The Islamic finance sector in Indonesia is expanding

Jakarta: Indonesian Islamic banks maintained double-digit asset growth last year, while rural and non-banking segments made further gains, expanding the sector’s consumer base in South Asia’s largest economy. South East.
Indonesia has the largest Muslim population in the world, but this potential has yet to fully translate into the country’s Islamic banking sector which remains underdeveloped, lagging behind neighboring Malaysia.
Islamic banking assets rose 24.2% to 242.3 trillion rupees ($21.4 billion) last year, giving the sector a 4.9% share of total banking assets, according to data from the Indonesian Financial Services Authority or Otoritas Jasa Keuangan (OJK).
Indonesia’s 11 fully-fledged Islamic banks added Rs 32.7 trillion in assets in 2013, an increase of 22.2%, while the country’s 23 Islamic branches added Rs 14.5 trillion in assets , an increase of 30.5%.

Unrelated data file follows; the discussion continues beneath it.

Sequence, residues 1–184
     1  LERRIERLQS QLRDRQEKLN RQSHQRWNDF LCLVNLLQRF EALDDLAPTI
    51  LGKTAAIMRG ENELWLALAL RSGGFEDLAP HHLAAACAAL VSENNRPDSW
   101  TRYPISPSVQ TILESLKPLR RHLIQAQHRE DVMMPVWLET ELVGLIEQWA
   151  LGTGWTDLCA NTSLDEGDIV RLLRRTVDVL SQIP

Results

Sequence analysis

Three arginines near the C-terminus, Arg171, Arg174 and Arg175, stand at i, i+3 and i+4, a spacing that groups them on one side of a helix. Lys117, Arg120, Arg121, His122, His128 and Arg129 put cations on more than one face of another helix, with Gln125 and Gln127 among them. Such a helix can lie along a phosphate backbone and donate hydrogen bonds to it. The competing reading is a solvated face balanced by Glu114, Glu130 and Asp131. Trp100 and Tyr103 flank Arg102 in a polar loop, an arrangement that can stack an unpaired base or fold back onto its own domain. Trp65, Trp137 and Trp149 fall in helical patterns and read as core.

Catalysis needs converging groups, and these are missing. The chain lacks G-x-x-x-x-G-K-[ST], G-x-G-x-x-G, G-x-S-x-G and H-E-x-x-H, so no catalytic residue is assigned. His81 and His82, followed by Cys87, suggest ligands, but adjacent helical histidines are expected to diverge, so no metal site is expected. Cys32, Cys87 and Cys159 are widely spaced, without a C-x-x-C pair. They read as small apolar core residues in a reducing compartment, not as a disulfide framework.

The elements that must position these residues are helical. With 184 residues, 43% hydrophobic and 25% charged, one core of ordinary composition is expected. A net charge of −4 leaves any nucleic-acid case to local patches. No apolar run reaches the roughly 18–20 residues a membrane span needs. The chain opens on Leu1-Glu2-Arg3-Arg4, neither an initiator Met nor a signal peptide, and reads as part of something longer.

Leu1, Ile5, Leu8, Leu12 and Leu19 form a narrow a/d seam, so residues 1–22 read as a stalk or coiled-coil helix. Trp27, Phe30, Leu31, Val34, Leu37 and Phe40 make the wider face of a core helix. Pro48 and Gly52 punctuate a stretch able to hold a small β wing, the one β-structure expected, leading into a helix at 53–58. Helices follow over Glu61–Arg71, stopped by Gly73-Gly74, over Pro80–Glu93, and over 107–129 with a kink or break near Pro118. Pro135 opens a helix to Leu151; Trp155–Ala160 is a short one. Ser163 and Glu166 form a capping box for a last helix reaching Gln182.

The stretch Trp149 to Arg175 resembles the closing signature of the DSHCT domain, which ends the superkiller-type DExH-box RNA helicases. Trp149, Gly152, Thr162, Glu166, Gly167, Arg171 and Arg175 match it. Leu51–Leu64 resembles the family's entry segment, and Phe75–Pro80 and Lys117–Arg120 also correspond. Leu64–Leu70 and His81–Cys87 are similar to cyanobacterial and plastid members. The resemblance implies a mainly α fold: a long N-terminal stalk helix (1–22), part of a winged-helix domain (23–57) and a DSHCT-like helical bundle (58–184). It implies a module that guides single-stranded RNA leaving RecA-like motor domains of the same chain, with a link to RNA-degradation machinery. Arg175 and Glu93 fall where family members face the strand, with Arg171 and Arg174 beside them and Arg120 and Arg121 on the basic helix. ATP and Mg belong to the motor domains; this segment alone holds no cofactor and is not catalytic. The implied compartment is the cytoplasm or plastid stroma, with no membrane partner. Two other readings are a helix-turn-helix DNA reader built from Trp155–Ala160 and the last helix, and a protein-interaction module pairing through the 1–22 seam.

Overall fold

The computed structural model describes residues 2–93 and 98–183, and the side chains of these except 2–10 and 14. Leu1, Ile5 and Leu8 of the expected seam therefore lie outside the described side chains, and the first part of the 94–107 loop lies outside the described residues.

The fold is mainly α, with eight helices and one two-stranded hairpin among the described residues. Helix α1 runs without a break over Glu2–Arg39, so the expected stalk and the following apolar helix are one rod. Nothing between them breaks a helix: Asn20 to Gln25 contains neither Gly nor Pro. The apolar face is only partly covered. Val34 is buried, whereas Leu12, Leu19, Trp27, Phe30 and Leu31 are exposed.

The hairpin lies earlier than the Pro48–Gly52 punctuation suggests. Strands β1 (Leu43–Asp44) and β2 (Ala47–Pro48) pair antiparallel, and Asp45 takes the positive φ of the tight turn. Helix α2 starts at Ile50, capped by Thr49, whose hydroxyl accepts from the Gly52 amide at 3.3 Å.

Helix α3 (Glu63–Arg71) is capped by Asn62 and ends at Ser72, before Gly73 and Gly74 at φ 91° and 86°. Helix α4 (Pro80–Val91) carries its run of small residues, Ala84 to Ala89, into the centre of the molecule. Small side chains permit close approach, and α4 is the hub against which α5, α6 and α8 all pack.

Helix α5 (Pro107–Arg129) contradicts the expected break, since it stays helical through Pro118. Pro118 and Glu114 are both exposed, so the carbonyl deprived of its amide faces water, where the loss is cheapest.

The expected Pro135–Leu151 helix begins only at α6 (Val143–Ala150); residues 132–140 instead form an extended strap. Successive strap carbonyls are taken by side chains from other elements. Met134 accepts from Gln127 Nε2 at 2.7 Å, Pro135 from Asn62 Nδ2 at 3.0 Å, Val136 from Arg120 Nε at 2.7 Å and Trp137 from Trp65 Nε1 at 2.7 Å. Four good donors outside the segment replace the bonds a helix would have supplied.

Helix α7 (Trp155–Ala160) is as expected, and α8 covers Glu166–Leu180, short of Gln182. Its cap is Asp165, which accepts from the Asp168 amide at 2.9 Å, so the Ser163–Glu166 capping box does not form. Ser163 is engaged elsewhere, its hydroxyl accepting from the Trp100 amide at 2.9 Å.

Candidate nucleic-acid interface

But beyond commercial banking, Islamic finance is making inroads in other areas that could help it tap into the country’s large consumer base – with a predominantly Muslim population of 240 million.
There are now 163 Islamic rural banks in Indonesia which showed a 24.1% growth in assets in 2013 to reach 5.8 trillion rupees, bringing their share of total rural banking assets to 7.5%.
Such growth has occurred despite the size of their branch network which has remained almost unchanged with 402 branches across the country.
In a separate OJK report, Islamic finance companies increased their assets fivefold in 2012 to reach 22.7 trillion rupees. There were 35 such businesses in Indonesia at the end of 2012, after 21 opened that year. Even Islamic pawnbrokers made gains, they held a 9.8% share of total funding for this segment in December 2012, according to the latest available data from the OJK.
Muslim charities in Indonesia have also built up large pools of assets that could support poverty reduction efforts, according to a study released Tuesday.
Regulators are also considering rolling out initiatives to develop other areas of Islamic finance.
The OJK is now a full member of the Malaysia-based Islamic Financial Services Council, a major standards body for the industry. It said last week that it would implement risk management guidelines for Islamic insurance companies.

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